29. 29. White EK, Moore-Jarrett T, Ruley HE (2001) PUM2, a novel murine Puf protein, and its consensus RNA-binding site. RNA 7: 1855–1866.
  30. 30. Prinz S, Aldridge C, Ramsey SA, Taylor RJ, Galitski T (2007) Control of signaling in a MAP-kinase pathway by an RNA-binding protein. PLoS ONE 2: e249.
  31. 31. Goldstrohm AC, Seay DJ, Hook BA, Wickens M (2007) PUF protein-mediated deadenylation is catalyzed by Ccr4p. J Biol Chem 282: 109–114.
  32. 32. Xu EY, Chang R, Salmon NA, Reijo Pera RA (2007) A gene trap mutation of a murine homolog of the Drosophila stem cell factor Pumilio results in smaller testes but does not affect litter size or fertility. Mol Reprod Dev 74: 912–921.
  33. 33. Chen S, Do JT, Zhang Q, Yao S, Yan F, et al. (2006) Self-renewal of embryonic stem cells by a small molecule. Proc Natl Acad Sci USA 103: 17266–17271.
  34. 34. Letso RR, Stockwell BR (2006) Chemical biology: renewing embryonic stem cells. Nature 444: 692–693.
  35. 35. Ventura JJ, Tenbaum S, Perdiguero E, Huth M, Guerra C, et al. (2007) p38α MAP kinase is essential in lung stem and progenitor cell proliferation and differentiation. Nat Genet 39: 750–758.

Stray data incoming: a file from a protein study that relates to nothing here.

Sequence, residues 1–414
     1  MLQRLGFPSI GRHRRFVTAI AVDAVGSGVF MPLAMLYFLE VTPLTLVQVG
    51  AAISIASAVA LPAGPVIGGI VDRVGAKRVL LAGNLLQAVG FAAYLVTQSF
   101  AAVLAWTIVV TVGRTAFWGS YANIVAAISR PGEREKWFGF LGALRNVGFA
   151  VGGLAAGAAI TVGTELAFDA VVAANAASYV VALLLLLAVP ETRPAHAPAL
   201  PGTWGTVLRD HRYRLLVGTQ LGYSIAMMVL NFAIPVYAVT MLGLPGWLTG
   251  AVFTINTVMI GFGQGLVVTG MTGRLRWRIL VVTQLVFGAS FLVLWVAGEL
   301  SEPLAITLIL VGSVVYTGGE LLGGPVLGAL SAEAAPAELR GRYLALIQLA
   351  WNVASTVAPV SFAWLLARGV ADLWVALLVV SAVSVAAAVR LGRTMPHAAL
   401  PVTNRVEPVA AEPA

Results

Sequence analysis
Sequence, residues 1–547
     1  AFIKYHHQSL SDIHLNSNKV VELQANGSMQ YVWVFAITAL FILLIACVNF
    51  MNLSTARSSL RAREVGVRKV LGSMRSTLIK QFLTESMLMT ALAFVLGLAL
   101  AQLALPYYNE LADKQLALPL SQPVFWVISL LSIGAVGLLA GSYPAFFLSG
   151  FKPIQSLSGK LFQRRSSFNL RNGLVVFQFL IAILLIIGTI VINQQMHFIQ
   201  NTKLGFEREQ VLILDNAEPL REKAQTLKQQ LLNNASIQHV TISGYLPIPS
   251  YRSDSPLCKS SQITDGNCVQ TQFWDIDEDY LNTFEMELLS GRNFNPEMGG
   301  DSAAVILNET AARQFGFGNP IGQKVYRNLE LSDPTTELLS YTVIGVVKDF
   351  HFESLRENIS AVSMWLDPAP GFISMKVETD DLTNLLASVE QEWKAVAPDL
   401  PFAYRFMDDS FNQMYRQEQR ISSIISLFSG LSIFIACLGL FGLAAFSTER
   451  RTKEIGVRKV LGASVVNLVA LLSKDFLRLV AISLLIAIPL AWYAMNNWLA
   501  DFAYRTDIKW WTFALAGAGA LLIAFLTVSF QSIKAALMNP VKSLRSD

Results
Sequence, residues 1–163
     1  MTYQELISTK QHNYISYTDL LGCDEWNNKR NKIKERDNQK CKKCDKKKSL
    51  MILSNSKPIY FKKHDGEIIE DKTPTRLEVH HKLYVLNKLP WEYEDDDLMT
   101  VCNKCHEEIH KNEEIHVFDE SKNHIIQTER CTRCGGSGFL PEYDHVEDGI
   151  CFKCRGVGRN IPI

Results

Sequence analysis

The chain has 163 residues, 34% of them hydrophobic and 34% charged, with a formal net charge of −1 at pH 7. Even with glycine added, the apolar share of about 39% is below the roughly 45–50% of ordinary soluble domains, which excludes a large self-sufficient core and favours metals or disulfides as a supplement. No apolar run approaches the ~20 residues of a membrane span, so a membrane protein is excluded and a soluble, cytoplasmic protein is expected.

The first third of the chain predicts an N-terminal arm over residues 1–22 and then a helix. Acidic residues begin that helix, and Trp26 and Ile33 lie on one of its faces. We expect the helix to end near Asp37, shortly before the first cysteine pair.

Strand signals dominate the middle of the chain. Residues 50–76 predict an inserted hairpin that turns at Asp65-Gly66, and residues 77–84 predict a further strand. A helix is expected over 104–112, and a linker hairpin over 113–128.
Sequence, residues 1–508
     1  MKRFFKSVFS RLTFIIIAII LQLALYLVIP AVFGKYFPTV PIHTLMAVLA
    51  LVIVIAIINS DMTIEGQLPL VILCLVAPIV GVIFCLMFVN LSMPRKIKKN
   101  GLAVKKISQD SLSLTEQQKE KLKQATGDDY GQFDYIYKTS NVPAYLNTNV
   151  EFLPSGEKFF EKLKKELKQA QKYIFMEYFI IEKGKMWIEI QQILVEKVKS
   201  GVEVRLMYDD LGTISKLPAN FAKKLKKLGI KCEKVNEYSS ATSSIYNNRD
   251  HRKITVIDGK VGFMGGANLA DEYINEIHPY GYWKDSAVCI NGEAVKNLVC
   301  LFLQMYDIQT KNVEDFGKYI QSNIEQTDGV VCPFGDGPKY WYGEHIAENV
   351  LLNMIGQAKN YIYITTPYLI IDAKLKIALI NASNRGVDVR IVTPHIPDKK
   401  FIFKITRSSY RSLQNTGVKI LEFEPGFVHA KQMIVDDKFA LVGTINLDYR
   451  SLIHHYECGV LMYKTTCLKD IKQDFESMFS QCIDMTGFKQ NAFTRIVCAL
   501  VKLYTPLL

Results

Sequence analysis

36. 36. Frese S, Pirnia F, Miescher D, Krajewski S, Borner MM, et al. (2003) PG490-mediated sensitization of lung cancer cells to Apo2L/TRAIL-induced apoptosis requires activation of ERK2. Oncogene 22: 5427–5435.
  37. 37. Olson JM, Hallahan AR (2004) p38 MAP kinase: a convergence point in cancer therapy. Trends Mol Med 10: 125–129.
  38. 38. Vogt A, Tamewitz A, Skoko J, Sikorski RP, Giuliano KA, et al. (2005) The benzo[c]phenanthridine alkaloid, sanguinarine, is a selective, cell-active inhibitor of mitogen-activated protein kinase phosphatase-1. J Biol Chem 280: 19078–19086.
  39. 39. Small GW, Shi YY, Higgins LS, Orlowski RZ (2007) Mitogen-activated protein kinase phosphatase-1 is a mediator of breast cancer chemoresistance. Cancer Res 67: 4459–4466.
  40. 40. Brenner S (1974) The genetics of Caenorhabditis elegans. Genetics 77: 71–94.